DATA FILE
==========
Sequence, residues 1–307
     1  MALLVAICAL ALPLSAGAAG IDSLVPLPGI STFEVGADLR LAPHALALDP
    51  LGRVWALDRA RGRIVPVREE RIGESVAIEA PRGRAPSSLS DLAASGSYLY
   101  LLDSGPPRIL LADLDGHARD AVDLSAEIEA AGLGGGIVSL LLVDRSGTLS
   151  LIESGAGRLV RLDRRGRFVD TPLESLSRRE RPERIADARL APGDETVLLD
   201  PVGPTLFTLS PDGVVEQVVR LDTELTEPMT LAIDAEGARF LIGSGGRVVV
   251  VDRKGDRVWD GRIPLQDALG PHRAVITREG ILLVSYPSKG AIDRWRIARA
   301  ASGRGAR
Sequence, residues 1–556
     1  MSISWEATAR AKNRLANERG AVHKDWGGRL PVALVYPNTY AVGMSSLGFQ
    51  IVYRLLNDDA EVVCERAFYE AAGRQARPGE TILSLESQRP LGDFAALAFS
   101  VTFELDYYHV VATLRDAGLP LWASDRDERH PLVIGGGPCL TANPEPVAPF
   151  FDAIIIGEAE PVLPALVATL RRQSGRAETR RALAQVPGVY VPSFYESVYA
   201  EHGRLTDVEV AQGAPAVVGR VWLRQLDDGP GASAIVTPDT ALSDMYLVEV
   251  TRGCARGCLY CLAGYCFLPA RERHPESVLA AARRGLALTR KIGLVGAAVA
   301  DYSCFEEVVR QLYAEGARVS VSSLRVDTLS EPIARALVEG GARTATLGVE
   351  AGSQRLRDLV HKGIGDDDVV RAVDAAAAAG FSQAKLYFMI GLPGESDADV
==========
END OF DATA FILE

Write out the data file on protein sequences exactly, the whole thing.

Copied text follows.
Sequence, residues 1–307
     1  MALLVAICAL ALPLSAGAAG IDSLVPLPGI STFEVGADLR LAPHALALDP
    51  LGRVWALDRA RGRIVPVREE RIGESVAIEA PRGRAPSSLS DLAASGSYLY
   101  LLDSGPPRIL LADLDGHARD AVDLSAEIEA AGLGGGIVSL LLVDRSGTLS
   151  LIESGAGRLV RLDRRGRFVD TPLESLSRRE RPERIADARL APGDETVLLD
   201  PVGPTLFTLS PDGVVEQVVR LDTELTEPMT LAIDAEGARF LIGSGGRVVV
   251  VDRKGDRVWD GRIPLQDALG PHRAVITREG ILLVSYPSKG AIDRWRIARA
   301  ASGRGAR
Sequence, residues 1–556
     1  MSISWEATAR AKNRLANERG AVHKDWGGRL PVALVYPNTY AVGMSSLGFQ
    51  IVYRLLNDDA EVVCERAFYE AAGRQARPGE TILSLESQRP LGDFAALAFS
   101  VTFELDYYHV VATLRDAGLP LWASDRDERH PLVIGGGPCL TANPEPVAPF
   151  FDAIIIGEAE PVLPALVATL RRQSGRAETR RALAQVPGVY VPSFYESVYA
   201  EHGRLTDVEV AQGAPAVVGR VWLRQLDDGP GASAIVTPDT ALSDMYLVEV
   251  TRGCARGCLY CLAGYCFLPA RERHPESVLA AARRGLALTR KIGLVGAAVA
   301  DYSCFEEVVR QLYAEGARVS VSSLRVDTLS EPIARALVEG GARTATLGVE
   351  AGSQRLRDLV HKGIGDDDVV RAVDAAAAAG FSQAKLYFMI GLPGESDADV